From Alliance to International: The Global Transformation of Save the Children

    This case examines how leaders in Save the Children, a large International NGO were driven to consider major organizational transformation, how they created a sense of urgency around the case for change, and how they created a coalition for change. It also illustrates implementation issues that may arise when large INGOs undergo significant transformation, and points to signals of early results. AUTHORS: Steven J Lux and Tosca Maria Bruno-VanVijfeijken, Maxwell School of Citizenship and Public Affairs, Syracuse University. Snow Foundation Award for Best Case or Simulation in Collaborative Nonprofit Management, 2013.
     

    Guardian Ad Litem of Madison County

    Examining the conflict surrounding a nonprofit organization that attempts to separate into two independent agencies, this case focuses on the negotiations and obstacles to a successful transition. AUTHORS: Trent A. Engbers, Indiana University, and Kristin Bishay, Monroe County Court Appointed Special Advocates Inc. Honorable mention, Best Teaching Case Competition, 2011

     

    HIV Prevention, Treatment, and Education Utilizing the Tools of Collaborative Governance or Why is a 545-Mile Bicycle Ride A Case Study of Collaborative Governance?

    This case study examines how AIDS/LifeCycle, a 7-day, 545-mile bicycle ride down the California coastline, is an exceptional example of effective nonprofit management and fundraising, successful collaborative governance, social networking, service co-production via both fundraising and volunteer service delivery, and social capital building.  AUTHOR: Mark W. Davis, Department of Public Policy and Administration, West Chester University of Pennsylvania.  Honorable Mention, Best Teaching Case Competition, 2016.
     

    Health Careers Institute Collaboration

    In the face of a neighborhood's deterioration, business, governmental, philanthropic, educational, and nonprofit organizations form two cross-sector networks, only one of which succeeds. This case prompts readers to think critically about the factors that stimulate collaborative networks, the type of leadership that they need, and the challenge of sustaining networks. AUTHORS: Jay Kiedrowski and Allison Rojas, University of Minnesota. Honorable mention, Best Teaching Case Competition, 2007

     

    Implementing the Earned Income Tax Credit at AccountAbility Minnesota

    This case highlights the leadership and management of a small nonprofit organization responding to predatory financial products targeted at the very customers served by the organization. A growing problem, a small organization, the risks involved and limited investment capital. AUTHOR: Jodi Sandfort, Humphrey School, University of Minnesota. Snow Foundation Award for Best Case or Simulation in Collaborative Nonprofit Management, 2011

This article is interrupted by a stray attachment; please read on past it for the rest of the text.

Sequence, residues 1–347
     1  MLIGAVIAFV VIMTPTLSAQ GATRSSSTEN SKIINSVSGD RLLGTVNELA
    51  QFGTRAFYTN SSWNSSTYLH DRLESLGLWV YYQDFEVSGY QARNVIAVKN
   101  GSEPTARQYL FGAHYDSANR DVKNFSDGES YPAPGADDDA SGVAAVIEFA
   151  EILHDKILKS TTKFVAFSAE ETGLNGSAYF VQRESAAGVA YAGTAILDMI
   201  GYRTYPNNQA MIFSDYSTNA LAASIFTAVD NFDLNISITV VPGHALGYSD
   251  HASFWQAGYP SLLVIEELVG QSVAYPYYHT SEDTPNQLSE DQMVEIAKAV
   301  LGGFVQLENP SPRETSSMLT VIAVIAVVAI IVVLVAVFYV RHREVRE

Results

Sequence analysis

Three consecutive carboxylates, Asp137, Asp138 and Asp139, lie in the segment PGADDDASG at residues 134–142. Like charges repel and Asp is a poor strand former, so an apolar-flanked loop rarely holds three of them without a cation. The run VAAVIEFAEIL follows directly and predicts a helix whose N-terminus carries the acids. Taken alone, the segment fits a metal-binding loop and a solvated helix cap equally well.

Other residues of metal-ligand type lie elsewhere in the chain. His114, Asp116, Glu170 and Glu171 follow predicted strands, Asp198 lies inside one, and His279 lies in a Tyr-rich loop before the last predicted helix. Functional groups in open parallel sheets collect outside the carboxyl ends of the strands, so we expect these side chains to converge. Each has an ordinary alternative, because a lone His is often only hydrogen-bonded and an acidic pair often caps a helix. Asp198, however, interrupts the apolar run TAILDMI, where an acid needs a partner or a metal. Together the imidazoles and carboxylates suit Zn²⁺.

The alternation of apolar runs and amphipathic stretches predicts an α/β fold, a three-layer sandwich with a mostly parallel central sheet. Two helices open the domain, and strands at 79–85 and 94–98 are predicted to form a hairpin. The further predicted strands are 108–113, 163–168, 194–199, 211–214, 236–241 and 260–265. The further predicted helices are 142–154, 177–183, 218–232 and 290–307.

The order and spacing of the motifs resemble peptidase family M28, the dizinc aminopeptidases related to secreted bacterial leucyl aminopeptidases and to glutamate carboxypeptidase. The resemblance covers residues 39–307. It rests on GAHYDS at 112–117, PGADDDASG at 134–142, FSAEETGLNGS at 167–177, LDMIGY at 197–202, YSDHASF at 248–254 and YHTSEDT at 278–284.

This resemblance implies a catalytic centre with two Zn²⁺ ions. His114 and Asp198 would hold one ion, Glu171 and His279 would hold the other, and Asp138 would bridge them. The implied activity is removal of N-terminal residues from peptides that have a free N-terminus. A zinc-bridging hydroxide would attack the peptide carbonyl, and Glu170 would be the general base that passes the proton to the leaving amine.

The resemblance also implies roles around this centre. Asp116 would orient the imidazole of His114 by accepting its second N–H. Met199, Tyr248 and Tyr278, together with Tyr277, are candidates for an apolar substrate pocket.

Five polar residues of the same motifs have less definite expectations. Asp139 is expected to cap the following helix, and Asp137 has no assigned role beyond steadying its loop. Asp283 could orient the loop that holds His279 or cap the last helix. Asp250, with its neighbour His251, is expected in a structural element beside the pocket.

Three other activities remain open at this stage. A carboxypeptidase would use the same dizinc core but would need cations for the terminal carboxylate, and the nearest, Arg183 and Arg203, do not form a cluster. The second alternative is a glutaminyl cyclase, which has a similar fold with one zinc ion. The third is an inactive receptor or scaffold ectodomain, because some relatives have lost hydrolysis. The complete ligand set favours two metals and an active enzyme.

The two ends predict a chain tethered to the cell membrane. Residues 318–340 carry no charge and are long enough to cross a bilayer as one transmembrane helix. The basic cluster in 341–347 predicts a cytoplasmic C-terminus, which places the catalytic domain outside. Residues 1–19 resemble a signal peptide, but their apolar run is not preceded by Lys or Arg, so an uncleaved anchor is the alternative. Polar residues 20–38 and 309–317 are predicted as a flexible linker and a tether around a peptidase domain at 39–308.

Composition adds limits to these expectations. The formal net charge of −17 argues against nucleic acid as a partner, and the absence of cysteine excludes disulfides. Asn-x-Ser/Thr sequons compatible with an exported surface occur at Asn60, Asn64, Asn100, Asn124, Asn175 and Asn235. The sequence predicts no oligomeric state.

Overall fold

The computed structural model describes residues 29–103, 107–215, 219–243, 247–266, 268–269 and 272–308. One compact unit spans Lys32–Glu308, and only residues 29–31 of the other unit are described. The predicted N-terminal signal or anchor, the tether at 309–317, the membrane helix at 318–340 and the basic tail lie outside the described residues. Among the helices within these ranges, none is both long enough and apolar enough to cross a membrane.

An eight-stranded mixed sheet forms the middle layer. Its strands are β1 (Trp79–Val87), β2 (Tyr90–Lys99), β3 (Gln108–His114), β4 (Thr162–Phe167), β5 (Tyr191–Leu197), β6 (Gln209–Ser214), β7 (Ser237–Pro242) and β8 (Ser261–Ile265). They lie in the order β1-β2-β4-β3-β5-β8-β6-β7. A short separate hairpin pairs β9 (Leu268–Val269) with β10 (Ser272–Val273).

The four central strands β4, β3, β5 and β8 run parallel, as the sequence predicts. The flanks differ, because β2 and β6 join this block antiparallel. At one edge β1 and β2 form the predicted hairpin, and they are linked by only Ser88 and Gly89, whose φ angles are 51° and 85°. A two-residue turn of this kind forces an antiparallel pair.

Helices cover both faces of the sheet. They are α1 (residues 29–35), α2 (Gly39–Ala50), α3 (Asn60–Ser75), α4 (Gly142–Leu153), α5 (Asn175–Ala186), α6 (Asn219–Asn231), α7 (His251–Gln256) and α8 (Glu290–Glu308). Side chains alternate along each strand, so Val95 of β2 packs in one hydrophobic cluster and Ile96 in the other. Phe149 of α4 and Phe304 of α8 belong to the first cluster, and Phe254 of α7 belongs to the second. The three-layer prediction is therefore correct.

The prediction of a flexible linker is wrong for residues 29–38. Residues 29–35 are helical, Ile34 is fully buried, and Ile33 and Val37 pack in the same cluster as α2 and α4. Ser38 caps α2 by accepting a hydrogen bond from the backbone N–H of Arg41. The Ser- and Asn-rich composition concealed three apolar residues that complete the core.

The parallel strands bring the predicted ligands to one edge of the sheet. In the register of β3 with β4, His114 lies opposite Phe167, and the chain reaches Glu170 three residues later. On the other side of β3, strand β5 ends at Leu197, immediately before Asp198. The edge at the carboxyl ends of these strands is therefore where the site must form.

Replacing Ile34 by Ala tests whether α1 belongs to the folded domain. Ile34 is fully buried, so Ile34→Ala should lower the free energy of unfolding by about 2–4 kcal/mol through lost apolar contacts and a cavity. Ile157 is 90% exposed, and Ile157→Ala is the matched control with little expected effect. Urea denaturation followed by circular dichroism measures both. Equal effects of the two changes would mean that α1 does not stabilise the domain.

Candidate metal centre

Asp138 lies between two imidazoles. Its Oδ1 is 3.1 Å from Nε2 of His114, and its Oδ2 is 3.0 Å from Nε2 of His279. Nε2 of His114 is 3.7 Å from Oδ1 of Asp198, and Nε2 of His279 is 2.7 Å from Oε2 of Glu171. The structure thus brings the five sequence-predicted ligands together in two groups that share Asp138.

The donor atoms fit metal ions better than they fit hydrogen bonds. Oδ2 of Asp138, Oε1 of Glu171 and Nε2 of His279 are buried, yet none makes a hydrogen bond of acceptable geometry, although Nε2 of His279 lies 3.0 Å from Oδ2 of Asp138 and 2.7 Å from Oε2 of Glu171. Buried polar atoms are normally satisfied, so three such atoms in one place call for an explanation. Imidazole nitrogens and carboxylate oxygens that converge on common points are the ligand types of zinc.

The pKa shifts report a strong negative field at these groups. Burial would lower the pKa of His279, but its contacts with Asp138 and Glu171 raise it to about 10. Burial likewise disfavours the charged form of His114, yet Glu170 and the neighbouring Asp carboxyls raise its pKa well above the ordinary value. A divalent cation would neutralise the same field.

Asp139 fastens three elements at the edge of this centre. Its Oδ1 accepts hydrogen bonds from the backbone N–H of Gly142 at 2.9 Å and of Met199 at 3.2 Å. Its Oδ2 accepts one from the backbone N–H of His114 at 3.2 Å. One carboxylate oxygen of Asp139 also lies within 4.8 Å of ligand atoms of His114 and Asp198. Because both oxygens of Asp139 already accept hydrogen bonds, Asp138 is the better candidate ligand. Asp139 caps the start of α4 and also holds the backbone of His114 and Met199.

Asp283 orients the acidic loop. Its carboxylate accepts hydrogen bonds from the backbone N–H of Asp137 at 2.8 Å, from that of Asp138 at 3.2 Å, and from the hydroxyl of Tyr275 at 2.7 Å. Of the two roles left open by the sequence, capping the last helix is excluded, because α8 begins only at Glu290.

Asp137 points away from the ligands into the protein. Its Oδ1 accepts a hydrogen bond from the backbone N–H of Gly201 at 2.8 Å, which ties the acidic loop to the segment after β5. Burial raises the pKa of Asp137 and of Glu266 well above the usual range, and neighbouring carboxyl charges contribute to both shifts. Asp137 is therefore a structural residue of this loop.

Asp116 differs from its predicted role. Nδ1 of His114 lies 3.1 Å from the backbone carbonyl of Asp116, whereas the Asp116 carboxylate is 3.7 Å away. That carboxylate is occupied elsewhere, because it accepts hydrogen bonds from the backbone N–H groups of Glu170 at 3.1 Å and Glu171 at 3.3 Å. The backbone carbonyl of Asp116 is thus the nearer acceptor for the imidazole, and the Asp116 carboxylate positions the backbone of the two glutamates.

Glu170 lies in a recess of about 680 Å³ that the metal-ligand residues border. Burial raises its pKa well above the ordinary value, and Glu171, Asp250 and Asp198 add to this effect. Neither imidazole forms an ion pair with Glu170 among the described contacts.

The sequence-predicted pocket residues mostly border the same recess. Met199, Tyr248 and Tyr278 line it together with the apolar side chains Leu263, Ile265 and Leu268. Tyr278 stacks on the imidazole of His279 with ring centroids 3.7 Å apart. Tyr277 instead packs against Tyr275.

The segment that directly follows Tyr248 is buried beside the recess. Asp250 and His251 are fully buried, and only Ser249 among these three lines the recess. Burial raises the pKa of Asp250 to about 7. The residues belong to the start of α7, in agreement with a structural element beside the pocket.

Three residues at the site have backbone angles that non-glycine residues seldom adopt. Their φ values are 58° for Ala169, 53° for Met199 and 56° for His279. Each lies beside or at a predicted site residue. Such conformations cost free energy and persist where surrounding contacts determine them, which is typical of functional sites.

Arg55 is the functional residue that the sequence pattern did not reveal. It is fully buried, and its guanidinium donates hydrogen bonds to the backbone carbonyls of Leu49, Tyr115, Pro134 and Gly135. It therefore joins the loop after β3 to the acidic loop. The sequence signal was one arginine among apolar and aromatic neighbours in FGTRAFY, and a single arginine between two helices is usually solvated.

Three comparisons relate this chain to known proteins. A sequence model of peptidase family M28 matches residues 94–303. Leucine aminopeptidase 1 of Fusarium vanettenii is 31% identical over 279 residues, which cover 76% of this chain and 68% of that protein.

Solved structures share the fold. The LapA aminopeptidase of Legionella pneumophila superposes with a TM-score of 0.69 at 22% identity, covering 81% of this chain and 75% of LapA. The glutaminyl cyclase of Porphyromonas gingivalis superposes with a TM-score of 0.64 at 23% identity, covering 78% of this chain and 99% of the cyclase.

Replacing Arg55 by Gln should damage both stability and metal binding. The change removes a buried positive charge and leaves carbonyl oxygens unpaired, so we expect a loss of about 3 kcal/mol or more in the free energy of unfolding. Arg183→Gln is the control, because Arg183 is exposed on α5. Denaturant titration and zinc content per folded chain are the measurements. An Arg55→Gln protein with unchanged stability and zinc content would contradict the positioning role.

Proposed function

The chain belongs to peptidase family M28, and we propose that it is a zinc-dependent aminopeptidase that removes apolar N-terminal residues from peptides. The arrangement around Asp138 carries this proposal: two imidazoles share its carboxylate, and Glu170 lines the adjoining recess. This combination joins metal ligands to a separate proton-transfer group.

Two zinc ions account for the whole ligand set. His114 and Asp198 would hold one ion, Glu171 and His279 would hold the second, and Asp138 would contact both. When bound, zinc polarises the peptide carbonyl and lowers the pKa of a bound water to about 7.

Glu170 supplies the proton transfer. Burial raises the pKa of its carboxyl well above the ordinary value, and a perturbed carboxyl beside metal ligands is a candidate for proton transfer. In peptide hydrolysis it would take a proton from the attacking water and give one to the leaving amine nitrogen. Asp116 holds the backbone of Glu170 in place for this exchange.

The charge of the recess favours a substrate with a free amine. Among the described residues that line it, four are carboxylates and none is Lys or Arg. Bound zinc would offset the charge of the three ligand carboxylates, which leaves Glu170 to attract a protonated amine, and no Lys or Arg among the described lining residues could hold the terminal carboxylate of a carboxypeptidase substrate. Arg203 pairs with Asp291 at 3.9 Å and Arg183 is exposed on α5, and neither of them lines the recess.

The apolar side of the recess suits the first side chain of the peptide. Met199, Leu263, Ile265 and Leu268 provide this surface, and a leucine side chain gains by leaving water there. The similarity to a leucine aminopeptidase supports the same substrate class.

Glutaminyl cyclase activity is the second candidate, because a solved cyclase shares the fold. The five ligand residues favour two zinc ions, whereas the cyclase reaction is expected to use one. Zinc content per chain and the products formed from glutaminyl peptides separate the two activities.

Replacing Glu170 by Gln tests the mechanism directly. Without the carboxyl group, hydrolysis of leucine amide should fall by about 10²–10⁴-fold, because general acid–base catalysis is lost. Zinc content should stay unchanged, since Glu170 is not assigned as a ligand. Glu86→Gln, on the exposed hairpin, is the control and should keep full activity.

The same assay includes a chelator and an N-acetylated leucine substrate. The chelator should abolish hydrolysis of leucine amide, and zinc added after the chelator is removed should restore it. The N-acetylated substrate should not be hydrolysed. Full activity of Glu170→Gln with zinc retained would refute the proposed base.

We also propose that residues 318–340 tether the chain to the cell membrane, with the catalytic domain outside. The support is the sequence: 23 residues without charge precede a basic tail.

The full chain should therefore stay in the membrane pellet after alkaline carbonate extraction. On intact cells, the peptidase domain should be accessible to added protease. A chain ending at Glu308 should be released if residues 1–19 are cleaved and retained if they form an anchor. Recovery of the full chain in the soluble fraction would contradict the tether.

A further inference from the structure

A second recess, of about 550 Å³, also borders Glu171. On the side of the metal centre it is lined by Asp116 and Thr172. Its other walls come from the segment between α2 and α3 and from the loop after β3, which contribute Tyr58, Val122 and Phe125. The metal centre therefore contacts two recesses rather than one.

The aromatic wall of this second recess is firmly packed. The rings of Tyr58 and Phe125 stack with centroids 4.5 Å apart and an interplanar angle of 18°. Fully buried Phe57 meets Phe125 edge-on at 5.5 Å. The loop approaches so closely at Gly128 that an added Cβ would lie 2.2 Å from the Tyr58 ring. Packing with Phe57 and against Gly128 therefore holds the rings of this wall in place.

Inclusive Management: Planning 'Green Grand Rapids'

    As public managers collaborate with the public on a major city-wide environmental initiative, this case engages students in the process of decision-making and distribution of resources for a system of parks and recreation facilities. AUTHORS: Kathryn S. Quick and Martha S. Feldman, University of California, Irvine. Honorable mention, Best Teaching Case Competition, 2007

     

    Indiana Household Hazardous Waste Task Force

    The case is a historical chronology built around three primary projects completed by the Household Hazardous Waste Task Force in the State of Indiana. Based on real events the case is designed to present an example where multiple agencies, in the public sector, not-for-profit sector, and private sector work in a collaborative fashion to solve a problem that none of them would likely have been able to solve as a single agency. While many teaching cases focus on “the problem at hand,” this case study focuses on a series of three program successes. AUTHORS: Mark Davis and Danielle Varda, University of Colorado. Honorable mention, Best Teaching Case Competition, 2011
     

    Kujichagulia: Actively Building a Public-Nonprofit Community Partnership

    How does a government organization engage a cultural community to reform service delivery for disadvantaged citizens? This case demonstrates how giving a cultural community an active role in addressing their problems requires a fundamental shift in the way government does business. It also provides a glimpse into the challenges of collaborative management in two organizations with dramatically different goals and methods of going about their work. AUTHORS: Catherine Eichers Penkert, Nicholas Dobbins, and Jodi Sandfort, University of Minnesota. First Place, Best Teaching Case Competition, 2008

     

    Leading IslandWood

    In the context of an outdoor education nonprofit startup organization, this case demonstrates how managers who arrive in new positions with the aim and intention of making significant change face challenges that require the practice of strategies to effectively navigate the political, operational, and authorizing environments in which they find themselves. The case communicates the quandary of managers who aim to bring an organization’s ambitious vision to reality and the techniques they must learning to systematic ally determine its direction and priorities. AUTHORS: David Cook and Lauren Guzauskas, Daniel J. Evans School of Public Affairs, University of Washington. Snow Foundation Award for Best Case or Simulation in Collaborative Nonprofit Management, 2012

     

    Managing a Public-Private Joint Venture: The PTB Case

    What happens when a regional savings bank and local government partner to stimulate and foster economic activities and initiatives? This case focuses on the interaction between private and public sides of the partnership and on the difficulties which can arise when collaborating across sectors. AUTHORS: Angel Saz-Carranza and Albert Serra, Institute of Public Governance and Manage, ESADE-Ramon Llull University, Barcelona, Spain. Honorable mention, Best Teaching Case Competition, 2009